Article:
It played no role in finding bin Laden. But if torture had proved helpful, would that have made it right?
The killing of Osama bin Laden has, as The New York Times notes, reignited the debate over “brutal interrogations” — by which it’s meant that Republicans are now attempting to exploit the emotions generated by the killing to retroactively justify the torture regime they implemented. The factual assertions on which this attempt is based — that waterboarding and other “harsh interrogation methods” produced evidence crucial to locating bin Laden — are dubious in the extreme, for reasons Andrew Sullivan and Marcy Wheeler document. So fictitious are these claims that even Donald Rumsfeld has repudiated them.
But even if it were the case that valuable information were obtained during or after the use of torture, what would it prove? Nobody has ever argued that brutality will never produce truthful answers. It is sometimes the case that if you torture someone long and mercilessly enough, they will tell you something you want to know. Nobody has ever denied that. In terms of the tactical aspect of the torture debate, the point has always been — as a consensus of interrogations professionals has repeatedly said — that there are far more effective ways to extract the truth from someone than by torturing it out of them. The fact that one can point to an instance where torture produced the desired answer proves nothing about whether there were more effective ways of obtaining it.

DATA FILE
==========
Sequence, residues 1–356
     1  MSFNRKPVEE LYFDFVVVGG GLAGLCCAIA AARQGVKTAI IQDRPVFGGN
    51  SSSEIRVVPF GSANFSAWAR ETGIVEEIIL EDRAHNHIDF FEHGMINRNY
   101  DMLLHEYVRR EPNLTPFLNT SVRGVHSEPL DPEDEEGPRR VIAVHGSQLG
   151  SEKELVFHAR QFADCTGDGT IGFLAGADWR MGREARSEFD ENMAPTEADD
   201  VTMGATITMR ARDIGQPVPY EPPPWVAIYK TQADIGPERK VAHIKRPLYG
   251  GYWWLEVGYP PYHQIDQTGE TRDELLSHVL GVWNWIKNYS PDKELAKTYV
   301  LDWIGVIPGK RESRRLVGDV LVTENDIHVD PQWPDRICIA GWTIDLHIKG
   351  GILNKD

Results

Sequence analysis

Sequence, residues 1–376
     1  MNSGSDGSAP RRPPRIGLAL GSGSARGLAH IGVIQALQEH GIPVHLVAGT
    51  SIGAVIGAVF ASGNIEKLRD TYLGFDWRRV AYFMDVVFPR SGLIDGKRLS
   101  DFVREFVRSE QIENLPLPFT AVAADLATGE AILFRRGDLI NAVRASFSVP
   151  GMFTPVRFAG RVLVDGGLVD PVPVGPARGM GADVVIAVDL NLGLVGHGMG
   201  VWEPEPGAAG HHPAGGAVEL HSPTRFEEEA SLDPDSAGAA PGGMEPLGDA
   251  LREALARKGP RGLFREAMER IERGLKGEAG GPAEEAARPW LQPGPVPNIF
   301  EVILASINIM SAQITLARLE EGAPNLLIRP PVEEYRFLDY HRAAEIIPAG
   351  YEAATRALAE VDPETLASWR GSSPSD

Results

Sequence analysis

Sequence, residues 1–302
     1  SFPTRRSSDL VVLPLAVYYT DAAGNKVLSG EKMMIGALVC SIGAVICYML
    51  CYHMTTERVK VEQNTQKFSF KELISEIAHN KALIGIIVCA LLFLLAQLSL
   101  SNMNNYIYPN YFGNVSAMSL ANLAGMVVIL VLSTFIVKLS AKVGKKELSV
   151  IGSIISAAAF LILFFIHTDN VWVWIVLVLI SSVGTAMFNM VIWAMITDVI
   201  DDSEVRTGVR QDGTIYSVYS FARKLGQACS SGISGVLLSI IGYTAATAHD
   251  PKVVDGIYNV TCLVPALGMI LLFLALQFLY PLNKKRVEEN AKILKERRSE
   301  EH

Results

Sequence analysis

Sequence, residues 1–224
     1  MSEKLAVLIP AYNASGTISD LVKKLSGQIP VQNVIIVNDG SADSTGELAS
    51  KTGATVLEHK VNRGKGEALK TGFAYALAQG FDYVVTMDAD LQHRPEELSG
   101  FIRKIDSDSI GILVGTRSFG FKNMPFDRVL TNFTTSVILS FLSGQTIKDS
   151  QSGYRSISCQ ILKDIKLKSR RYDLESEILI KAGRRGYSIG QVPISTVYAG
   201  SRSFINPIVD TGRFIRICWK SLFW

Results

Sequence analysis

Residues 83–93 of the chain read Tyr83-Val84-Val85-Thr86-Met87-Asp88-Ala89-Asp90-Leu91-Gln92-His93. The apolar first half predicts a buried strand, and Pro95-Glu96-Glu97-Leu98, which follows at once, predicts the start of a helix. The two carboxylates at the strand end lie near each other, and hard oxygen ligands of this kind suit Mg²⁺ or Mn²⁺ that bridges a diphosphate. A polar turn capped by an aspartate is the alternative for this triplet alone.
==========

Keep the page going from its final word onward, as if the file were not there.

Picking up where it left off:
This highlights what has long been a glaring fallacy in many debates over War on Terror policies: that Information X was obtained after using Policy A does not prove that Policy A was necessary or effective. That’s just basic logic. This fallacy asserted itself constantly in the debate over warrantless surveillance. Proponents of the Bush NSA program would point to some piece of intelligence allegedly obtained during warrantless eavesdropping as proof that the illegal program was necessary and effective; obviously, though, that fact said nothing about whether the same information would also have been discovered through legal eavesdropping, i.e., eavesdropping approved in advance by the FISA court (and indeed, legal eavesdropping [like legal interrogation tactics] is typically more effective than the illegal version because, by necessity, it is far more focused on actual suspected Terrorism plots; warrantless eavesdropping entails the unconstrained power to listen in on any communications the Government wants without having to establish its connection to Terrorism). But in all cases, the fact that some piece of intelligence was obtained by some lawless Bush/Cheney War on Terror policy (whether it be torture or warrantless eavesdropping) proves nothing about whether that policy was effective or necessary.